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jeffreyj1279
01-08-2008, 08:22 PM
Obviously i am posting so many questions because I just bought my MR2. But for the money, can i get some suggestions for CO2 setups that are cost friendly? Thanks again for all thy input!

SpyderMan723
01-09-2008, 02:39 PM
If you are using CO2 buy a 20 ounce tank if you havent already.
But you could switch to HPA(High Pressure Air). it'll cost a little more but its safer for your gun and its environmently friendly :)

jeffreyj1279
01-09-2008, 03:55 PM
I already have the CO2. What kind of air is the HPA? Aren't there nitrogen bottles out there?
Thanks for the help!

SpyderMan723
01-09-2008, 04:00 PM
someone correct me if im wrong but i think nitro and HPA is the same thing.
HPA is just normal air 02 compressed into a bottle

wylde01
01-09-2008, 05:58 PM
your right spyderman. they are the same basically but now days i dont think that you can find a shop that uses nitro. they all just use compressed air.

AutoSpyder
01-09-2008, 08:13 PM
If your gonna stick with CO2 you should invest in a good regulator like the Palmers Stabilizer, it basically gives you the same performance as you would get with HPA. They usually average around $130 new but you would probably spend that or more if you switch to HPA and buy a fancy tank AND regulator.

The Booth Man
01-10-2008, 08:33 PM
I just switched over to HPA last fall and found it to work much better in my markers than CO2. When I used co2 I had a Palmers Stabilizer. It worked really well in the summer, but when the temperature dropped below 40 degrees liquid co2 started pumping through the gun and ice would shoot out the barrel.

Here's the math:

20 oz co2 tank: $25 HPA 72 cubic inch @3000 psi: $80-100
Palmers Stabilizer: $75-125

Fills can also be cheaper for you with HPA in some places. I live in Helena, Montana and it costs me $2.50 to fill my HPA tank and $3 to fill my co2 tanks.

In short, you will actually save money if you invest in a HPA tank rather than co2 with a regulator.

AutoSpyder
01-10-2008, 08:47 PM
I live in Texas where even in the winter its usually above 50 degrees during the day so thats why I chose to stick with CO2 and HPA is hard to find in my area, so what Booth Man said makes alot of sense. So do your research before you make a final choice, it all depends on where you live and what is easier to find.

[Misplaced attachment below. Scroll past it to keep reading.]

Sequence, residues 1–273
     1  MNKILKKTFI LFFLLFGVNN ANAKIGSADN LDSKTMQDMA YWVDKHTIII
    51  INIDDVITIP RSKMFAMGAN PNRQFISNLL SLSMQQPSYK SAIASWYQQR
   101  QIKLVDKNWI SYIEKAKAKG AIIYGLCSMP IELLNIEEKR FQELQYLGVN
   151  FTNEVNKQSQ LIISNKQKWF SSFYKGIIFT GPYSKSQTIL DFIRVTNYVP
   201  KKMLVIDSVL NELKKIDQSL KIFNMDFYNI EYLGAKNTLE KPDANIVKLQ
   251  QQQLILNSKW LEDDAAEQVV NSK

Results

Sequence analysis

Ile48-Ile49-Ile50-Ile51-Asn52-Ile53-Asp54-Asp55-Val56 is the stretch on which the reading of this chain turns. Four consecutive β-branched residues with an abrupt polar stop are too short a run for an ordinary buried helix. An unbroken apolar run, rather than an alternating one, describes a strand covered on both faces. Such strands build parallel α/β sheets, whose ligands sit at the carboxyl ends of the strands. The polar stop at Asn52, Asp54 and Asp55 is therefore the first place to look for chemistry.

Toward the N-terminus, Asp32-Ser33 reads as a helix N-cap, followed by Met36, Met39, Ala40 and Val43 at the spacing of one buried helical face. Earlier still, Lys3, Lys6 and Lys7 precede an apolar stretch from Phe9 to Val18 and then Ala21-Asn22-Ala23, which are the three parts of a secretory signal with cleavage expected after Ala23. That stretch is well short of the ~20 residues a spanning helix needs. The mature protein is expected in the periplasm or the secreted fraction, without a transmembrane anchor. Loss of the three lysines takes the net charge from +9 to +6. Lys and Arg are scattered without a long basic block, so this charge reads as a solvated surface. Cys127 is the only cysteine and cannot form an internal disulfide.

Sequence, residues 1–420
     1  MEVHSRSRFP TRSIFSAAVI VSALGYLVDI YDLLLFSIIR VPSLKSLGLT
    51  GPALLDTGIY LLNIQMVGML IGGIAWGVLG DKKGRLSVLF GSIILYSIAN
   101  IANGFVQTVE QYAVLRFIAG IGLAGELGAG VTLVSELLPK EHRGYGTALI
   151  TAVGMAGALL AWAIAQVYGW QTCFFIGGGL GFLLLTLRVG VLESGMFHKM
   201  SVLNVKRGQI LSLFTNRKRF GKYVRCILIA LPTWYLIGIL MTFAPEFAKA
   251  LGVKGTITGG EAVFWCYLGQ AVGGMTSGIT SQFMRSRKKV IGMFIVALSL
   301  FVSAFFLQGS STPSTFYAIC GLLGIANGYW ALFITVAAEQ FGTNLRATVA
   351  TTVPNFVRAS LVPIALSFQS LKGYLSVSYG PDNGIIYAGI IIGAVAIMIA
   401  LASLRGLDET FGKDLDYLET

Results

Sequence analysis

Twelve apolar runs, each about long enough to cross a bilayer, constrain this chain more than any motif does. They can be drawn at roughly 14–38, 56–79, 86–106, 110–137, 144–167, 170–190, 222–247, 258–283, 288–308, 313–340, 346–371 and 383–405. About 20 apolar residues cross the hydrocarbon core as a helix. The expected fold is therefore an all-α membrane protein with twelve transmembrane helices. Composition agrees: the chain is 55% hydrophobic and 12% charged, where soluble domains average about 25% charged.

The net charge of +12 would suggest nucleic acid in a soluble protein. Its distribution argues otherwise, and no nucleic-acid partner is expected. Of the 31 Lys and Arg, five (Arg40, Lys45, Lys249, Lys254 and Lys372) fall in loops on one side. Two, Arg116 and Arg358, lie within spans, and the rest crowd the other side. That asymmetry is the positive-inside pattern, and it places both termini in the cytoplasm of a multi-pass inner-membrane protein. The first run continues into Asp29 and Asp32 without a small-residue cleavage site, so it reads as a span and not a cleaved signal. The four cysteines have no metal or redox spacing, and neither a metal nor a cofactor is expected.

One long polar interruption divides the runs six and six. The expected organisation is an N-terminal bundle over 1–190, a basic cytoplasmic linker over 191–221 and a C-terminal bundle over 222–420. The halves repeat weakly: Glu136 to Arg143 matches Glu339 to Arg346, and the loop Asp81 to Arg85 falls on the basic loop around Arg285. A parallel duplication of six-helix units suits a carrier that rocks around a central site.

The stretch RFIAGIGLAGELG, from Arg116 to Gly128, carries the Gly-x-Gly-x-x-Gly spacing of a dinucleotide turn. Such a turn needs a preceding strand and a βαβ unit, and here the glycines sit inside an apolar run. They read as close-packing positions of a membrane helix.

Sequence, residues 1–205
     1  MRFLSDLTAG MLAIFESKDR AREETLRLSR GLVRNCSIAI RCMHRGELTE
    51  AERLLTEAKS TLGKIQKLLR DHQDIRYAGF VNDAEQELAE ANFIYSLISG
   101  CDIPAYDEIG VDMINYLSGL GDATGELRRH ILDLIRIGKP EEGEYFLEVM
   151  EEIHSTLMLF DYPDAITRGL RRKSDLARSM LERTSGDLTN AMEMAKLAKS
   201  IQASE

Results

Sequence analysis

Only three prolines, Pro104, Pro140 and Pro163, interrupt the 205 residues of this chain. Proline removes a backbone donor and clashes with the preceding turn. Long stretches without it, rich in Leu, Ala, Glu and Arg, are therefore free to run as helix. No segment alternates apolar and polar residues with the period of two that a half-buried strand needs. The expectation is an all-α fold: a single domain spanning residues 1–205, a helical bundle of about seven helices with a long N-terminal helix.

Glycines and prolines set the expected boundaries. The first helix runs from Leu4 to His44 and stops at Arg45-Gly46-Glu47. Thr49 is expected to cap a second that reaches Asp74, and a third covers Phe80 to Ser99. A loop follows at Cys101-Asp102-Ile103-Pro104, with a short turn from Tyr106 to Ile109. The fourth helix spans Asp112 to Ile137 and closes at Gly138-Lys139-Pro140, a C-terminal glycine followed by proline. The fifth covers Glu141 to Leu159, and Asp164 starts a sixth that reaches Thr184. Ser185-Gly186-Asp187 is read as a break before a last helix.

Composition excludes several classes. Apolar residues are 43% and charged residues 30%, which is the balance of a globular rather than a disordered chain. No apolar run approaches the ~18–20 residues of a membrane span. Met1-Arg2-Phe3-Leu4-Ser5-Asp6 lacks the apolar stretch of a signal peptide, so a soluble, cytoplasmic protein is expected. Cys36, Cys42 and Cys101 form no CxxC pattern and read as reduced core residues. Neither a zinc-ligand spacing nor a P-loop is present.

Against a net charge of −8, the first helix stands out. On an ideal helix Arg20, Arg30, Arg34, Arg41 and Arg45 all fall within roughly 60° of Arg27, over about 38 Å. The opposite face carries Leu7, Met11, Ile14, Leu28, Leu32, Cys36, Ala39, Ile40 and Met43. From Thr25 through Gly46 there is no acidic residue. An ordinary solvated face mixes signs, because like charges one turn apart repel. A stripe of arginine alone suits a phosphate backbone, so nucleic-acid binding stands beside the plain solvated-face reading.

jeffreyj1279
01-10-2008, 09:18 PM
when you configure the MR2 with the palmer stabilizer, what kind of mods do you have to make? Do you have a pic of what it looks like? Thanks for all the help.

biofish
01-11-2008, 07:24 PM
Am I correct is saying you do NOT need a regulator with a HPA tank?...
I am switching to HPA and the tank i am buying just has the Air Pressure indicator on the tank.

kramernator
01-11-2008, 07:30 PM
Originally posted by biofish
[url]Am I correct is saying you do NOT need a regulator with a HPA tank?...

yes, i believe you are right but it would be much better if you did use a reg

wylde01
01-12-2008, 06:25 AM
i dont use a reg with my HPA tank and everything is fine. that just cost more money then whats actually needed to be spent.

biofish
01-12-2008, 11:08 AM
Thanks!... i will probably end up buying a reg down the road when i have everything else where i want it on my gun.. I appricate your responses.
i dont use a reg with my HPA tank and everything is fine. that just cost more money then whats actually needed to be spent.

The Booth Man
01-12-2008, 02:14 PM
yes, i believe you are right but it would be much better if you did use a reg


HPA tanks have a regulator built in to the tank. There is no need for a second regulator unless your marker operates below 850 psi

biofish
01-12-2008, 04:38 PM
Wow.. didn't know that.. Thanks for your input!
HPA tanks have a regulator built in to the tank. There is no need for a second regulator unless your marker operates below 850 psi

AutoSpyder
01-13-2008, 07:55 AM
To run the Stabilizer you have two options one using a female stabilizer and the other using a male stabilizer. I used a male stabilizer with a macro line kit since its more common and less expensive. To install it first remove the lower shroud that covers the air line. Then you can unscrew the part the air line attaches to. This leaves you with a standard ASA inlet and then you just screw in the male stabilizer and hook it up to the bottom line ASA using the macro line kit.http://img353.imageshack.us/img353/7646/photo0010su4.jpg